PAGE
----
Saturday, January 31, 2009 0 comments ++[ CLICK TO COMMENT ]++

Some items of interest for the last week of January 2009

January ended in the red, and I don't believe it technical analysis but some technicians say the negative January means there is a high chance of the year being negative. This goes against other views that suggest that the market rallies sharply after major crashes (happened in 1930, 1975, and 1988.) Whatever happens, it's starting out on an interesting note with the US$ still showing strength while gold may be entering a speculative stage. Anyway, here are some articles you may find interesting, in no particular order...

  • Overly indebted mining giants diluting shareholders (Financial Post): Many commodity companies have serious problems with debt (if investors still keep shunning risky debt.) The risk for investors is that these companies will issue shares at, what are presently, very low share prices. So far Xstrata has done a rights offering, including it being priced 66% below the stock price along with an innovatie, but unusual asset swap with its majority shareholder. If you are considering investing in these companies, allow for the possibility of massive dilution (but the market may already be pricing in some of this.)
  • There is risk in Canadian bank preferred shares (Financial Post): American and European banks have been getting capital injections from the government. Although located close to America, Canadian banks have avoided most of the problems so they have mostly been raising capital by issuing preferred shares to retail investors. The article raises the risk that the whole preferred share market may collapse if one bank cuts the dividend--the big 5 Canadian banks have not cut their dividends since the Great Depression. Unlike America, I suspect the Canadian pref shares aren't pricing in the possibility of dividends being cut or suspended (not that I expect it to happen.)
  • In-depth look at the massive losses at Caisse de dépôt et placement du Québec (The Globe & Mail): The Caisse de dépôt et placement du Québec is Canada's largest pension fund--essentially the province of Quebec's fund. It has gotten into some serious problems, with its massive investment in iliquid non-bank ABCP (asset-backed commerical paper) being the biggest mistake. To make matters worse, and I never knew this until I read this article, it seems that Caisse invested in index futures without putting up much of a collateral. I don't think there is anything wrong with long-term investors using derivatives--Buffett does it; Caisse is a long-term investor--but I really wonder if that's the right path for pension funds, endowments, and the like. The problem is not so much the instrument but the possibility of promoting too much speculation. Harvard Endowment Fund and a bunch of others are also posting huge losses, albeit for using different assets and techniques than Caisse.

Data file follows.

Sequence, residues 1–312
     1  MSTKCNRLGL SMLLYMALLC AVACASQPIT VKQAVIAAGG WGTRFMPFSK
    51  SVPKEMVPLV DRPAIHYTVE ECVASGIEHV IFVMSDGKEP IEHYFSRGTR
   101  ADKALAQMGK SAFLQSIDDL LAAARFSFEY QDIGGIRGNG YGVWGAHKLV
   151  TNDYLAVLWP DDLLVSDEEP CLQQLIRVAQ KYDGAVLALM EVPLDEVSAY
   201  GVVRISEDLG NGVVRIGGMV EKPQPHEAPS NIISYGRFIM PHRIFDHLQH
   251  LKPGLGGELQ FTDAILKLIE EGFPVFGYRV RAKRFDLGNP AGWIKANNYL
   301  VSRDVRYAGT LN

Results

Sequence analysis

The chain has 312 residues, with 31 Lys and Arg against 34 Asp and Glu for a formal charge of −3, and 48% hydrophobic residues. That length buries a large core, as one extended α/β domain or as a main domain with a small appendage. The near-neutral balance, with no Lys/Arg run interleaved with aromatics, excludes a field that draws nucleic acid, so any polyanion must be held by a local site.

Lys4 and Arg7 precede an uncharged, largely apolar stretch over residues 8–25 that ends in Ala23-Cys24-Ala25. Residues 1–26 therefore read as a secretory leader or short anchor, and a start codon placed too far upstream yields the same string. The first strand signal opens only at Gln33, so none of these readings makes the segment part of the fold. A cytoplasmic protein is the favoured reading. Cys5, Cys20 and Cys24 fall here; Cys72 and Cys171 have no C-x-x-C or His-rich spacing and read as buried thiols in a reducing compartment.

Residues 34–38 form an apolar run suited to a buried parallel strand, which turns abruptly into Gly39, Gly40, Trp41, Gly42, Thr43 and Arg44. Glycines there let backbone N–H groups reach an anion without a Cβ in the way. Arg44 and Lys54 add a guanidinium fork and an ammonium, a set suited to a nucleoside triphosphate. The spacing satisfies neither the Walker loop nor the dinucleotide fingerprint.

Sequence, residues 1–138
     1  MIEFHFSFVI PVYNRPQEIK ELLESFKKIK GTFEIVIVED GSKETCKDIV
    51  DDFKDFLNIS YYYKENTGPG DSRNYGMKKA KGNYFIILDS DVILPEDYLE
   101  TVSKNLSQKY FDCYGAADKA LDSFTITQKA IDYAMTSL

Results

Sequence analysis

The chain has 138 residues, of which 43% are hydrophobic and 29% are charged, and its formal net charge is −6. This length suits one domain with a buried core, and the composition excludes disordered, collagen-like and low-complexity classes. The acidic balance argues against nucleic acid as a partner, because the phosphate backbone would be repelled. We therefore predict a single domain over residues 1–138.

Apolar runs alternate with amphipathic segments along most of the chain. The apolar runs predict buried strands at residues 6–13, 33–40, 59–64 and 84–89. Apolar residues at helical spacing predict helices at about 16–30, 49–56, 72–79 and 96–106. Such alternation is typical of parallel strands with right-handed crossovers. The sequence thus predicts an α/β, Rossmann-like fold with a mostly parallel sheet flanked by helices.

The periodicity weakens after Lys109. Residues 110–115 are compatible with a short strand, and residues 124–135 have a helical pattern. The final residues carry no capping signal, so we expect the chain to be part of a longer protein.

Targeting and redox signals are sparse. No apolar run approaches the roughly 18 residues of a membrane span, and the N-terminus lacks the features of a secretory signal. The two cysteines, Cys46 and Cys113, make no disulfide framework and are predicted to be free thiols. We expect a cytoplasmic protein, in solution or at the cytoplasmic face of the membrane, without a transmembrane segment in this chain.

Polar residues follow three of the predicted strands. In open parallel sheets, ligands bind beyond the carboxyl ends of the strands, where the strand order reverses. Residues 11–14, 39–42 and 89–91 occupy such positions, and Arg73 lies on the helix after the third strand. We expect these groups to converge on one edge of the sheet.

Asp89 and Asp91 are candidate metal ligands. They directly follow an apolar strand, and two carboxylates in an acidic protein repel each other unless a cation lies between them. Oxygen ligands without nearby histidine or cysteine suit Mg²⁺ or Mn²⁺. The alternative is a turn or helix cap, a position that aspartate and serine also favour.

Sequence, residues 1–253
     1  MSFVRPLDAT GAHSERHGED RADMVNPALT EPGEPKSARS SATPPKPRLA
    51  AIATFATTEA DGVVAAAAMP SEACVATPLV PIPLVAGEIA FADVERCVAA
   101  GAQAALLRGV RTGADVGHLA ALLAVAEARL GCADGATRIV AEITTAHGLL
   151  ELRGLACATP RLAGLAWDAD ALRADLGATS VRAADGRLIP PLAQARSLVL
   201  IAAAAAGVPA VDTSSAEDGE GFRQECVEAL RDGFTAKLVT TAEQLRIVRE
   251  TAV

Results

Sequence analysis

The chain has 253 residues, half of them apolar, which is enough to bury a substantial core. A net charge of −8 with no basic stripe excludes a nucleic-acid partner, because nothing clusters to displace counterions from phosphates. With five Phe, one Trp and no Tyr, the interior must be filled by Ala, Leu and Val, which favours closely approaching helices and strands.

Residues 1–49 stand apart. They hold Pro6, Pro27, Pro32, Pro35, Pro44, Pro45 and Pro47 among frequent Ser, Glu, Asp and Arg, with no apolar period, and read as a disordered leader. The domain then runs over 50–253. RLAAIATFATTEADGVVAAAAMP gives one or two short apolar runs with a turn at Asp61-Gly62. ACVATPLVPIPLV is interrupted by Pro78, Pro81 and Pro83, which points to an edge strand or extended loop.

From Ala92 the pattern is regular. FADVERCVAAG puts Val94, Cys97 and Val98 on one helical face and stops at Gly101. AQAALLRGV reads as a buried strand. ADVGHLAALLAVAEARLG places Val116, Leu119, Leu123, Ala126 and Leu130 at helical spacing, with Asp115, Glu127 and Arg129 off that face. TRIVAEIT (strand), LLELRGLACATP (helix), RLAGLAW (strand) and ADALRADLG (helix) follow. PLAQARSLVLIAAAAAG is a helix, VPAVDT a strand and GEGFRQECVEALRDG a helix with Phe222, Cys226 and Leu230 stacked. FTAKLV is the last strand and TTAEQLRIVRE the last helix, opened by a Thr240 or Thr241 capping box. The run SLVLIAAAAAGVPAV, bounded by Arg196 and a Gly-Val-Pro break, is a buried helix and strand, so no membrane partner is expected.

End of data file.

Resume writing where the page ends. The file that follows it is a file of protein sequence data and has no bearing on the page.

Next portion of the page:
• Comparison chart of 4 major stock market crashes (; original mention CalculatedRisk): You may have seen this chart, or similar ones, comparing the crashes in 1929, 1974, 2000, and now. Although it's worth looking at this, I am of the opinion that this chart is primarily useful for traders and short-term investors. These charts are useful for comparing various bottoms. But the risk, to longer term investors, is a bear market that may rise from its bottom but stay in a range for many years. My concern is not necessarily that the bottom may be further below; instead, my concern is buying a stock that goes nowhere or doesn't keep up with opportunity cost (or even inflation) over the years. For example, even if the market has 20% more to decline and you mistakenly buy something now, you may end up losing a lot more on currency losses or inflation or declining profit margins over the next 5 years than the 20% loss you take. (Recommended)
  • Economic overview of Asia (The Economist): A run-down of the situation in Asia. There is a lot of conflicting theories floating around and I have no idea which one is right (this is probably why stockpickers avoid macroeconomics.) This article mentions a bunch of things which are quite surprising and I never knew before. For instance, it mentions that South Korean consumers have a higher debt to income than even Americans! Yikes! It also raises questions about the true exposure of China to external exports. It suggests that only 15% of China's real growth between 2002 and 2007 came from 'net' exports. If this is accurate, China would not be vulnerable to the collapse in consumption in the developed world. However, it's not clear to me how much of the economy indirectly depends on the exports.
  • Geoff Gannon podcasts on various value investing topics (Gannon On Investing): Geoff Gannon has started podcasting daily. I haven't listened to all of them yet but several of them seem to cover core tenets of value investing and the emphasis on bottom-up investing. The first few (Jan 26 2009 and Jan 27 2009) may be useful for newbies. The podcasts are lengthy (45+ minutes) and I think he repeats his points too often. He could probably shave off 10 min from each episode. Perhaps he'll get a bit better once he gets gets into a normal routine and focuses on specific topics.

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